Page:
Pumped hydro is a cost-effective alternative for energy storage to offset fluctuations in renewable energy supply, and it’s primed to take off in Australia, says one leader in this space.
According to the Clean Energy Council, the peak body for Australia’s clean energy industry, more than 35,000 GWh of renewable energy was generated in Australia last year, representing just under 15 per cent of the nation’s electricity generation.
Tasmania leads the way with close to 100 per cent of its energy renewable, mostly derived from its extensive hydro-electric system. Second is South Australia with 41.3 per cent of its energy coming from renewables and this is primarily wind and solar photovoltaics (PV).
South Australia’s increasing reliance on wind and solar, both of which have fluctuations in supply, means the state is having to consider storage to smooth out these fluctuations. In August this year, AGL Energy announced the launch of what it described as the world’s largest virtual power plant (VPP), ultimately involving 1000 connected batteries installed in homes and businesses in South Australia, providing 5 MW of peaking capacity.
However, a Canberra academic suggests there is a better storage alternative – pumped hydro – where the technology is well established and understood, and the costs are a fraction of batteries.
What is pumped hydro?
Professor Andrew Blakers is the foundation director of the Centre for Sustainable Energy Systems at the Australian National University. He said pumped hydro is a storage technology that has been around for a hundred years or so.
“Everyone understands hydroelectricity generation, which is water going down a pipe from an upper reservoir to a lower reservoir through a turbine creating electricity,” said Blakers.
“You could include a pump, or make the turbine run backward to push the water up the hill through the same pipe. This means that when you have excess electricity, you can store energy in the form of water at an elevation and when you need that energy back again, you allow the water to come back down through the turbine. The round trip efficiency of this is 80 per cent.”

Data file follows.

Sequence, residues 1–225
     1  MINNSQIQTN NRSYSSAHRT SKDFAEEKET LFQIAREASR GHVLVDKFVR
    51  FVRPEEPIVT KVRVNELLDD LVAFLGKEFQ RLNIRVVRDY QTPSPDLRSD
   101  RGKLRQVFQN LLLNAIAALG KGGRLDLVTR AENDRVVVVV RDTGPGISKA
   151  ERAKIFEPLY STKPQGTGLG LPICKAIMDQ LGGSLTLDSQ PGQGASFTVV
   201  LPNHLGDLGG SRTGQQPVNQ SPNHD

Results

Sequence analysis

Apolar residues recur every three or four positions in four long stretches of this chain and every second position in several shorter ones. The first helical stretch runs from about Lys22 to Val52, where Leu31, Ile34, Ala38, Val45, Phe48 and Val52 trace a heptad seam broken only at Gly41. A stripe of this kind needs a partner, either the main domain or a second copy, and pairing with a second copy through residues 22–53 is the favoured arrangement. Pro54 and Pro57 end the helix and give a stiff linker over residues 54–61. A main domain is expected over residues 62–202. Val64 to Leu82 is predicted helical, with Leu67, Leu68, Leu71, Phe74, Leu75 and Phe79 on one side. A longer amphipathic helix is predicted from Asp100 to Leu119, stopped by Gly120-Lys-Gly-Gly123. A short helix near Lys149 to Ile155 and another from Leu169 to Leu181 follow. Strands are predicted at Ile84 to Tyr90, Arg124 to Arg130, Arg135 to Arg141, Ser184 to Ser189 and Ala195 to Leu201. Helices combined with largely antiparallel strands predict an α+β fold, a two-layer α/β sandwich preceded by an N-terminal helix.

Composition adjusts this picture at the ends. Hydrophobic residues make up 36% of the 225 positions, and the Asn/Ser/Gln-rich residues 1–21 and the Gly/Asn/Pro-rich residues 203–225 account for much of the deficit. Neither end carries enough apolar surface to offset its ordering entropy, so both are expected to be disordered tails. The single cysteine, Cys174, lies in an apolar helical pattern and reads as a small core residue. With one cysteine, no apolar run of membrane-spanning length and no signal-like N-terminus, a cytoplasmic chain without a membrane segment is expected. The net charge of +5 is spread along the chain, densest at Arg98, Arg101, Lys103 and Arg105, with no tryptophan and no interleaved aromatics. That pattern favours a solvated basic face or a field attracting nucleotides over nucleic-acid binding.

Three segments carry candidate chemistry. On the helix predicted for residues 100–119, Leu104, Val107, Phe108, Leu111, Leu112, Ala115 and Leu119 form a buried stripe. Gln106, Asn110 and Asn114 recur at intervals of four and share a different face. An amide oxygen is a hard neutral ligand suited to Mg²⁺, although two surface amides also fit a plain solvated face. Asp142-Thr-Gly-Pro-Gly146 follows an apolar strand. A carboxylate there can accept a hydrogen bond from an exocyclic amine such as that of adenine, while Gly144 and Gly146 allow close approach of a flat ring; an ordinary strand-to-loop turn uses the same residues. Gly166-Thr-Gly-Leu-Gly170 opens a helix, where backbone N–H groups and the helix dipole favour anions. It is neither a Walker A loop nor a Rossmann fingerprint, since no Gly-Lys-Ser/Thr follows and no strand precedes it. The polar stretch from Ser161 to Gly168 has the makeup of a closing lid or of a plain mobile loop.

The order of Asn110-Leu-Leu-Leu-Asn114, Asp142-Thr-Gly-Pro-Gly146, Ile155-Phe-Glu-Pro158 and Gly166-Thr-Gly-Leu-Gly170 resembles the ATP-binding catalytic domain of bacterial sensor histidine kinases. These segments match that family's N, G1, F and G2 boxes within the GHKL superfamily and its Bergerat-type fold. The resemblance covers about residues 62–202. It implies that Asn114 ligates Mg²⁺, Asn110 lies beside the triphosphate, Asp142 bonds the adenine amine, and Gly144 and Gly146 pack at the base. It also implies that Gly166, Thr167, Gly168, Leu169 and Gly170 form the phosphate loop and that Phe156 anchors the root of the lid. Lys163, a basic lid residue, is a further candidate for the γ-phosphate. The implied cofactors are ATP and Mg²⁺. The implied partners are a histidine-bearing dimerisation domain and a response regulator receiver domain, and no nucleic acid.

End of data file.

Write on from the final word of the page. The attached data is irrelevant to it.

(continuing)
Blakers said to be cost competitive, the system should have modern high-quality turbines 10 MW in size or greater, and the head between the upper reservoir and the lower one should be at least 100 m and preferably 400-900 m.
There are existing systems in Australia, such as the Wivenhoe Dam in Queensland, and the Shoalhaven and Tumut 3 Dams in NSW. However, he says these aren’t currently being used for renewable energy but for load shifting. They are not as big as they ideally should be and they are what he calls ‘on-river’ which he considers not as ideal as ‘off-river’ systems.
“In a river-based pumped hydro system such as the Tumut-3 Power Station, water flows along the Tumut river into a series of reservoirs and is released through a series of power stations until eventually the water flows on into the Murray River,” he said.
“The upper reservoir is necessarily within the river valley, the same river valley as the lower reservoir. This means the head cannot be large.
In the case of Tumut-3, which is the biggest pumped hydro system in Australia, the head is only 150 metres.”
He said with off-river pumped hydro, you can access much larger heads because the upper reservoir can be built on top of a hill and the head can easily be 500 m or more.
There is an off-river system currently being built in Queensland on the site of the old Kidston gold mine about 270 km west of Townsville. The site has two large adjacent pits which will act as the upper and lower reservoirs for the project. The initial phase of the project will have a bank of solar photovoltaic cells with a capacity of 50 MW with the potential to power more than 20,000 homes.
Combined with the pumped hydro storage, the system will be like a power station, capable of providing electricity to suit the demand at any time of day or night. If the first phase is successful, the second phase of the project will triple the capacity.
Blakers said the head on the Kidston project is above 200 m, bigger than Tumut, and could be increased further with a turkey nest dam.